For example, a government employee or official who is convicted of misappropriating a large sum of public funds might receive a particularly harsh sentence compared to a private citizen. Below are potential penalties for misappropriation of funds:
- A prison sentence of up to one year for misdemeanor misappropriation or at least one year (and up to 10 or more) if charged as a felony.
- Fines of up to $1,000 for a misdemeanor offense and up to $10,000 or more for a felony offense.
- Restitution paid to the victim
- Up to 5 years of probation
Legal defenses for misappropriation charges
If you’ve been charged with misappropriation, you might feel intimidated by the legal process and worried about the potential consequences. While your charges can be serious — especially if charged at the federal level — there are a number of strategies that may be available to you.
Your defense attorney will examine the details of your case to determine the strategies that will be most likely to find you the best possible outcome. Below are some common defenses against misappropriation that could be useful against your charges:
- Lack of intent – You did not intend to steal or misappropriate the funds or property.
- Permission – The owner of the funds or property gave you consent to keep or use them for your own purposes.
- Ownership – You had a reasonable and good faith belief that you were the rightful owner of the funds or property.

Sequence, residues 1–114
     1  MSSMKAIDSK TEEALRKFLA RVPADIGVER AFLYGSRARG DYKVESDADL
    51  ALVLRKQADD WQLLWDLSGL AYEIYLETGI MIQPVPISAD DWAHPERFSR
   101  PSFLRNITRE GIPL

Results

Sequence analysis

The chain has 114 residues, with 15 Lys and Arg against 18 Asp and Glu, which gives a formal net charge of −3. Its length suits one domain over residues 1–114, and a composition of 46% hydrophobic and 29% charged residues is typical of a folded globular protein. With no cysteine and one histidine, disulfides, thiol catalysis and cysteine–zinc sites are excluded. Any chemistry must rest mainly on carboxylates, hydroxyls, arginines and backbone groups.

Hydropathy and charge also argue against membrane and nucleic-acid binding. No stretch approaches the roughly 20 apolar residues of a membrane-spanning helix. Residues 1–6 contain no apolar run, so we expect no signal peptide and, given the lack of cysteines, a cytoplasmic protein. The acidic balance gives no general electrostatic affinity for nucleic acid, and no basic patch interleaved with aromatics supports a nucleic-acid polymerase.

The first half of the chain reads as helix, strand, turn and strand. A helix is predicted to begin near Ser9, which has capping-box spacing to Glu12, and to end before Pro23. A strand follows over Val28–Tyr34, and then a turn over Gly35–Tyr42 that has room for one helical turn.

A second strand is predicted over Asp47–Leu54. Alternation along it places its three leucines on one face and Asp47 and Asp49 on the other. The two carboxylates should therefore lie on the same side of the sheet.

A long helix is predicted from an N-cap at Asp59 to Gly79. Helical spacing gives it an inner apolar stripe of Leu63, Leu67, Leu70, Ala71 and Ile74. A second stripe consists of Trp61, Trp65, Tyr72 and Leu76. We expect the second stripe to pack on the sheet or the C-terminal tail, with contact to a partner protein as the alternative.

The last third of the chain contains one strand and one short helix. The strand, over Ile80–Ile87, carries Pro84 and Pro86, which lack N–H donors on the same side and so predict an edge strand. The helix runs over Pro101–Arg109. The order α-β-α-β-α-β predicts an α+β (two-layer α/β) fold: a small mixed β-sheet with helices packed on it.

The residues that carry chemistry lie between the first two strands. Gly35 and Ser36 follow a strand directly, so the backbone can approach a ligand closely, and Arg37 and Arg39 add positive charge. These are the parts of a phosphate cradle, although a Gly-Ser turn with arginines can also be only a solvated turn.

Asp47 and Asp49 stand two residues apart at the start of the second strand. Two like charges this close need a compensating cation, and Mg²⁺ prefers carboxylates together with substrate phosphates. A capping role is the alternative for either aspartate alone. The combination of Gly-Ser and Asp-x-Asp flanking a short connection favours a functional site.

- You were not the perpetrator – You were wrongfully accused or are the victim of mistaken identity.
- Entrapment – You were coerced by law enforcement into misappropriating the funds.
- Duress – You were forced to misappropriate the funds through use of violence, restraint or threat.
- Inadmissible evidence – The evidence against you was obtained through an illegal search or is otherwise inadmissible in court.
- Insufficient evidence – The prosecution doesn’t have enough evidence to prove beyond a reasonable doubt that you misappropriated the funds or property.
Misappropriation defense attorney
Whether you’ve been formally charged with misappropriation or are currently under investigation, a knowledgeable and credible criminal defense attorney can answer your questions, help you navigate the legal process and fight to defend your rights and protect your future.
As a Los Angeles-based criminal defense attorney who has been representing clients in both California state and federal courts for over three decades, Robert M. Helfend has the experience and expertise to build the strongest possible defense against even the most serious misappropriation charges. You deserve to have a strong and dedicated defense team working on your behalf. Call today to schedule your free consultation – 800-384-6434.